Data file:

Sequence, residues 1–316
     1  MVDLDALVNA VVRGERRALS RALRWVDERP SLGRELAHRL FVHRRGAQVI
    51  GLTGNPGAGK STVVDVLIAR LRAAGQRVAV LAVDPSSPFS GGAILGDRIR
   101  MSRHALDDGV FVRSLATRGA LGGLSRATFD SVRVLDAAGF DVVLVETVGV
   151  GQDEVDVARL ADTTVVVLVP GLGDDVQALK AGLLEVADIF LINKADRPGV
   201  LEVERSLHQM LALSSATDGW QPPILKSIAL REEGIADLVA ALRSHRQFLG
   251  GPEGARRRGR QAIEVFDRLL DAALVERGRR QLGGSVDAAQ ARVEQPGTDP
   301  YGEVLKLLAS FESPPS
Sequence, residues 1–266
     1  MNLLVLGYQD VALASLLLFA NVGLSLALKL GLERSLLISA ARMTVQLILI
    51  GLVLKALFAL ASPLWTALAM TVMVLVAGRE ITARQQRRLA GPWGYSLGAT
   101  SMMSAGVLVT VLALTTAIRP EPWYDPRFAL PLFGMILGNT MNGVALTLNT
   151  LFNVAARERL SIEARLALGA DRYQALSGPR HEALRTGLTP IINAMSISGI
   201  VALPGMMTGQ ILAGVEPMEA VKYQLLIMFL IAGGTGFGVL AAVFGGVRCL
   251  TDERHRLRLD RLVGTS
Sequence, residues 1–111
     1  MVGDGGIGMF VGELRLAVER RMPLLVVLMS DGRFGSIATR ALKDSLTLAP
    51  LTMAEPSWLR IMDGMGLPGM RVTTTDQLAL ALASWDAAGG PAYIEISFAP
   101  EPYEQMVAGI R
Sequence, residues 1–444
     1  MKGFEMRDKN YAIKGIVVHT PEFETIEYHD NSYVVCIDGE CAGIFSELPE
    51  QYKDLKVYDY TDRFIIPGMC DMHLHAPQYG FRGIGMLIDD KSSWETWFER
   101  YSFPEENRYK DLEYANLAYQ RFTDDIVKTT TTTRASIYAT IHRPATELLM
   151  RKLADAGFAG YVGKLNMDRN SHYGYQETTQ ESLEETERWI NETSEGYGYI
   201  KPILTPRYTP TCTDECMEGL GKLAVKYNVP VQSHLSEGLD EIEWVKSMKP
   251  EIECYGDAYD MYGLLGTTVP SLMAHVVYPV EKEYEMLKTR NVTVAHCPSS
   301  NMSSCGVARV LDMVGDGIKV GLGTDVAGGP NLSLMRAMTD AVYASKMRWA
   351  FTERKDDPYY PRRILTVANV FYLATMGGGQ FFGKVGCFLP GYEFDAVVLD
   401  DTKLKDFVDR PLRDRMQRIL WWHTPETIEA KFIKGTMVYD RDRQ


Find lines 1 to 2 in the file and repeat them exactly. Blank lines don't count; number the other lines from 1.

Sequence, residues 1–316
     1  MVDLDALVNA VVRGERRALS RALRWVDERP SLGRELAHRL FVHRRGAQVI